- Clean the gutters.
- Wrap all the pipes.
- Caulk and seal up any breezy cracks.
What temperature should you wrap your pipes?
While the temperature has to be at or below 20° F for pipelines to freeze, you will want to start considering wrapping the pipes when it reaches the 32° F freezing point.
Electric Medical Equipment
Medical equipment like oxygen machines relies on electricity, so when it goes out, there is instant panic.
You can register your home with the local power company and community emergency programs so that it is known your household is a priority.
Secondary Non-Electric Heaters
Installing a wood stove or fireplace is some insurance that your family will remain cozy even when the power goes out.
Generators are an option, but they’re dangerous, too. You will want a carbon monoxide detector on hand whenever you rely on a generator.
DO NOT run a generator indoors or in the garage.
How do you survive if the power goes out in the winter?
The chances are you won’t die during a power outage during cold weather. But you can increase the odds of survival because of what to do after the lights go out.
Check Before Taking Action
Before reporting an outage, make sure it’s not just affecting you. It could be a fuse or breaker.
If you see a downed powerline, retreat and report it to the electric company as soon as possible.
What is affected during a winter power outage?
- Lack of electricity can disrupt communication, water, and public transportation.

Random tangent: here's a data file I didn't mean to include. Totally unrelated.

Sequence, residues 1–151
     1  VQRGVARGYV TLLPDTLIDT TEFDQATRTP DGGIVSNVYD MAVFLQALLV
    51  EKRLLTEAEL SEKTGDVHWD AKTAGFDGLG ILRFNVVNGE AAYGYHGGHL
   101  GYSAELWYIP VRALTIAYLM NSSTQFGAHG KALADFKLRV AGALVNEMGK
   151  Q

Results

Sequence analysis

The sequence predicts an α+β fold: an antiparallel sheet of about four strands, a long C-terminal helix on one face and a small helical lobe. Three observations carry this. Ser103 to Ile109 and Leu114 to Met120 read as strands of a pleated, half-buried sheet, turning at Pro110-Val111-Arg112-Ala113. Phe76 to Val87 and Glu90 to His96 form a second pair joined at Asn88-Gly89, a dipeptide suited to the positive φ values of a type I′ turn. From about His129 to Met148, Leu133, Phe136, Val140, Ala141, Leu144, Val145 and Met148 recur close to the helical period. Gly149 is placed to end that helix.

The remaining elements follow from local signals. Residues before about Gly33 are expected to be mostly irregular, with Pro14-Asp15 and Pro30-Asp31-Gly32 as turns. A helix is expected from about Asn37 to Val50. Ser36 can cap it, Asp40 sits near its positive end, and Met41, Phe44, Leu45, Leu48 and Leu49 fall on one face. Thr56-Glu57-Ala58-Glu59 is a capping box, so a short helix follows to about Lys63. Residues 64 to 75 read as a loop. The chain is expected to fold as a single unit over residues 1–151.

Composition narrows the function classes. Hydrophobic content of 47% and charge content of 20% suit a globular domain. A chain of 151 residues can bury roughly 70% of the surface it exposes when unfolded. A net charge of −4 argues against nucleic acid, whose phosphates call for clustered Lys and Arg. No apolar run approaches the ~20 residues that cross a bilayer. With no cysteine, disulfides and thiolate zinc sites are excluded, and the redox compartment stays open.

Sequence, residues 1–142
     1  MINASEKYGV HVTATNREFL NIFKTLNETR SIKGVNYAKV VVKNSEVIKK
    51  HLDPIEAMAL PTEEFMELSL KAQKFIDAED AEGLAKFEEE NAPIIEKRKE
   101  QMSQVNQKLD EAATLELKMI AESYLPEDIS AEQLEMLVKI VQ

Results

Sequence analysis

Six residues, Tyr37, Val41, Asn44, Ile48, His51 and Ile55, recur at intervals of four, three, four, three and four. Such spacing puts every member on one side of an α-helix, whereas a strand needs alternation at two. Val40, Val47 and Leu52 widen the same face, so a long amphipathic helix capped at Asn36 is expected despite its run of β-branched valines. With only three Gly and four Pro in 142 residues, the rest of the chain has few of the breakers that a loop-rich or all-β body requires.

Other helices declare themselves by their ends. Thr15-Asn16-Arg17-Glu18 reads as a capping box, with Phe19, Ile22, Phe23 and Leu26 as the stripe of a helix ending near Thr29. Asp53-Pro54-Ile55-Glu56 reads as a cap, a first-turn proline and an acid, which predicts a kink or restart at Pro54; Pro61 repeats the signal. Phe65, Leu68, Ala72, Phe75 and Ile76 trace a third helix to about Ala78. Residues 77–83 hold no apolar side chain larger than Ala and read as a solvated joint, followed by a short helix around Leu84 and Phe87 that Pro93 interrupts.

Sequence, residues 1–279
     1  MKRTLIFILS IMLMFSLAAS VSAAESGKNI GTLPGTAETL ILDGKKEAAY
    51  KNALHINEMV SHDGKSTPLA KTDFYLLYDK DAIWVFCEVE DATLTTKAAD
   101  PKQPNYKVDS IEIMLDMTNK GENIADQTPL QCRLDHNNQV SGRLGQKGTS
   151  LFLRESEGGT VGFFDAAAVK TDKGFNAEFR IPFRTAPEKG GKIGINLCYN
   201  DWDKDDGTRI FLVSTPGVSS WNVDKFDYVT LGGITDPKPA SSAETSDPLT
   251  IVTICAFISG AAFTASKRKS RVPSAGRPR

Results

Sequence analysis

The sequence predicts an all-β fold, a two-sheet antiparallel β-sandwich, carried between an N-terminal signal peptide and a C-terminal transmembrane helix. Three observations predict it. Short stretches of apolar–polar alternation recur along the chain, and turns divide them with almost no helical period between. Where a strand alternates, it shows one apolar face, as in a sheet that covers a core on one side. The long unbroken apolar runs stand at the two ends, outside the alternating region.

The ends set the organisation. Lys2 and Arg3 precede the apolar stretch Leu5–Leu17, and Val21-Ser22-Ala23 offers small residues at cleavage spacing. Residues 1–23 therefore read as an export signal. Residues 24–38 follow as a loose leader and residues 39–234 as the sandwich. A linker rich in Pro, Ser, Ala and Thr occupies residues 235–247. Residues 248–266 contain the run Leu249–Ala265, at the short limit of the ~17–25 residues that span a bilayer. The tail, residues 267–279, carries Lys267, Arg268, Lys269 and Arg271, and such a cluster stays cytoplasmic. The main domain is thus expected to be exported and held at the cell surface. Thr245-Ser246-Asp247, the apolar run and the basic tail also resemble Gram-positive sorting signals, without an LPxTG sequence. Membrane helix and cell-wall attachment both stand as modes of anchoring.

- It can close businesses, stores, gas stations, ATMs, etc.
- It causes food to spoil and contaminate water.
- A power outage can affect medical devices.
Double Up on Layers
Throw on as many layers of clothes as it takes to keep you warm and that you can tolerate. But, the layering goes beyond hiding under jackets and long johns and mittens.
Draping dark blankets over sealed and shuttered windows will draw in any heat. And, keep all the windows and doors closed with towels tucked to block drafts.
Avoid Carbon Monoxide Poisoning
Most carbon monoxide poisoning happens in the winter. Suffering from the cold is miserable, and it’s hard to resist the urge to get warm, even when it could be dangerous.
Don’t use generators, outdoor grills, or camping stoves indoors.
Alerts and Notifications
They are so annoying but incredibly useful when it’s cold outside. There’s a chance that your cellphone dies and you’re out of any way to charge it. Limit your phone usage to texts, and keep enough battery to dial 911.
You will want to stock a hand-cranked or battery-powered AM/FM or ham radio. (and it’s not a bad idea to have a landline for emergencies.)
Is a winter watch or warning worse?
A winter watch means that there is a chance that severe winter weather is headed in your direction. It also gives you a good starting point to prepare for a possible power outage.
A watch is updated to a warning when for sure, one is coming and poses a threat to you and your family.
Prevent Further Frustrations and Damage
Unplug all your appliances and electronics when the power goes out to prevent a power surge that will take out everything. It is safe to leave on one lamp, just so you can find your way in the dark.
Hopefully, the pipes are well-wrapped to prevent them from freezing. Leave the faucet on a slow drip, too.
How long will a fridge stay cold without power?
If careful, a refrigerator can stay cold for 48 hours without power. A helpful tip is that the more you have in the freezer, the colder it will last.